Here were five of the many interesting health care gadgets on display at CES:
- Save your back. Health experts can't seem to agree on whether standing or sitting desk are better for health and posture, but a tiny, wearable device may offer a middle-ground solution. Combined with a mobile application, Lumo Body Tech's Lumo Lift vibrates wearers when a user is slouching or walking in a way that encourages future back problems. It can easily be clipped onto a t-shirt or bra strap.
- Prevent skin cancer. A petite, wearable jewel—either as a bracelet or brooch—can monitor a user's sun exposure and alert him or her when to apply sunblock, wear a hat, or put on sunglasses through its mobile application. Neatmo's JUNE is tailored to the user's risks of developing skin cancer, among other health details.
- Relieve stress. Muse is a flexible brain sensor—worn around the forehead—that monitors brainwaves through seven EEG sensors. The information is relayed to a smartphone application, where it can be used for myriad of health purposes, according to Muse's creator Interaxon. The headband comes with software to walk users through mental exercises that calm the brain.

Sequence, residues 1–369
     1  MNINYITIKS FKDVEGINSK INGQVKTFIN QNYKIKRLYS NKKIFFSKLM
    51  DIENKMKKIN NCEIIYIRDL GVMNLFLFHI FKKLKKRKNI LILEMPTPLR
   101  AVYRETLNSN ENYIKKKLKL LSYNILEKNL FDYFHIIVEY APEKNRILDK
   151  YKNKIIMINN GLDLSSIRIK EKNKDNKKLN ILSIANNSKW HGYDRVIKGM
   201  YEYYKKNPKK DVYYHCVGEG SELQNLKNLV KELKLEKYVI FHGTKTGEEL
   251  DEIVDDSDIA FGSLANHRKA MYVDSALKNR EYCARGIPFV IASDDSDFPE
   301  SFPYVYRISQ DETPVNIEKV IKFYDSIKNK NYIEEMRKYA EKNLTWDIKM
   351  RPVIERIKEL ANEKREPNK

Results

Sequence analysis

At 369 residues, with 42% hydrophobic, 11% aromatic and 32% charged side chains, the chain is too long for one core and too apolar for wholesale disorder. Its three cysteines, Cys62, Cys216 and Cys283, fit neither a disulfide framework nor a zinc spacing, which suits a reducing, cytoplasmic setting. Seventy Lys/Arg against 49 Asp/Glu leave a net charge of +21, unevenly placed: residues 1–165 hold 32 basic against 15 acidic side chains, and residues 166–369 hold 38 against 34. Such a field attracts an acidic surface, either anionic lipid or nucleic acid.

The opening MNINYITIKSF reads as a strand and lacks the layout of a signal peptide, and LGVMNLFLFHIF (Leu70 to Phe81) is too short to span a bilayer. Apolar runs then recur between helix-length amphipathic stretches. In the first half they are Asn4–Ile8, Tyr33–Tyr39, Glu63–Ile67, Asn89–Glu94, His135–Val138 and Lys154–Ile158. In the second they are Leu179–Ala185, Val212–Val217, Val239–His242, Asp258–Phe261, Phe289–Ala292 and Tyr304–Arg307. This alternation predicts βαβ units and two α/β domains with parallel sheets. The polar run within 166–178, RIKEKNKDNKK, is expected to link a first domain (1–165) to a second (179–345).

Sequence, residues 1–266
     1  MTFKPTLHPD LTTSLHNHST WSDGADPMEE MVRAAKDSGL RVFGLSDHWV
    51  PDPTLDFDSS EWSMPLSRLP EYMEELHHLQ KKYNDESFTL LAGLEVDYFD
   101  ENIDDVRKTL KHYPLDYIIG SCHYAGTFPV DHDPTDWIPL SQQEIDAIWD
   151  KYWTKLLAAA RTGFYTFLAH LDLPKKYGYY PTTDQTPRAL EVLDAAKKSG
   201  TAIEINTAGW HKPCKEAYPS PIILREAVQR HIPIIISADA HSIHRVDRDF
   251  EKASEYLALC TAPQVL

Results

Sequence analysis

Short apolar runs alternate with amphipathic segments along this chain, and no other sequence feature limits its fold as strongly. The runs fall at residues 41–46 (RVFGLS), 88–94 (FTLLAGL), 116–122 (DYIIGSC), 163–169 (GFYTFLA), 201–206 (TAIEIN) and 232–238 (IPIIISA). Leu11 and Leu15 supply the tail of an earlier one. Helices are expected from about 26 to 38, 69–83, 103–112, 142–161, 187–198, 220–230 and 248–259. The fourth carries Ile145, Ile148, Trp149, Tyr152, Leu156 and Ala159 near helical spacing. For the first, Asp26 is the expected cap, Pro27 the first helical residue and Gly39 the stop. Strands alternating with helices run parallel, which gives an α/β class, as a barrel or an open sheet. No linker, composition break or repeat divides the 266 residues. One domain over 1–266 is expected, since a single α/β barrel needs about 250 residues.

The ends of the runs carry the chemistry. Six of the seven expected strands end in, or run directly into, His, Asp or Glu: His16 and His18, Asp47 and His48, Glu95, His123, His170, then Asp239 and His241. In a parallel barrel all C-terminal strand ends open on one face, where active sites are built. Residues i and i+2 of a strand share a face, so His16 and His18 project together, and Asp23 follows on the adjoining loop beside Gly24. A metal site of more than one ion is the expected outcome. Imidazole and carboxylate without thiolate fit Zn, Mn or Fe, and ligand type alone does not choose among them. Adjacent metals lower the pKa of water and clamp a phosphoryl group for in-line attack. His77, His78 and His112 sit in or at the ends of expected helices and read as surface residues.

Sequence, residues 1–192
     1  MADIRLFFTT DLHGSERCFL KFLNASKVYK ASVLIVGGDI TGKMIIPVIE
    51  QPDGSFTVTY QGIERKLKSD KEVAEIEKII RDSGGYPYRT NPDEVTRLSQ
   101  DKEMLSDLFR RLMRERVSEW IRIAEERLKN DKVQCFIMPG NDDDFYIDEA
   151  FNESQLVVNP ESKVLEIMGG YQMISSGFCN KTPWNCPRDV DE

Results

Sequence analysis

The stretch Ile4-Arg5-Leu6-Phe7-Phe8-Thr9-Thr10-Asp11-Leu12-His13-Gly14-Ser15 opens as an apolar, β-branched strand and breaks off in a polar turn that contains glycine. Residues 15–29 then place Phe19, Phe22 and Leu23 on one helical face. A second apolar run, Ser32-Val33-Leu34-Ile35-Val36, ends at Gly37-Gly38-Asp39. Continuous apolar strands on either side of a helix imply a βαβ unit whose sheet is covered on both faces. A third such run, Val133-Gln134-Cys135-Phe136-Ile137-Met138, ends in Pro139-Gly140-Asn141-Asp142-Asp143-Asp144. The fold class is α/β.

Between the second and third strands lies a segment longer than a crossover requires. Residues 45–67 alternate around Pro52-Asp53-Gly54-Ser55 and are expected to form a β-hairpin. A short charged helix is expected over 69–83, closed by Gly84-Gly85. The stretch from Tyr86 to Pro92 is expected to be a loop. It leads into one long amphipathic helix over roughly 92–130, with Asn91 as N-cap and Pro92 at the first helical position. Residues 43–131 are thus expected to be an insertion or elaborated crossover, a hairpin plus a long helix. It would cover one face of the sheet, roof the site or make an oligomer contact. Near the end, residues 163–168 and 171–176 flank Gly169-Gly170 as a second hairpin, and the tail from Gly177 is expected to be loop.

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- Have sweeter dreams. The multi-part device tracks detailed information on users' sleep patterns—breathing, movement, and heart rate—via a slim device that goes under the mattress. In addition, Withings' Aura can set off a light-based alarm that either triggers or inhibits sleep-inducing melatonin. The information is sent to a smartphone application and can be used to create a healthier sleep cycle.
- Take your pills with more accuracy. Fitted with optical sensors, the Imedipac smart pill box helps users take the right pills at the right time of day. And it can share the medication adherence information with a health care system or other connected third party. The Medissimo-produced pill box uses LED lights and alarms to alert the user.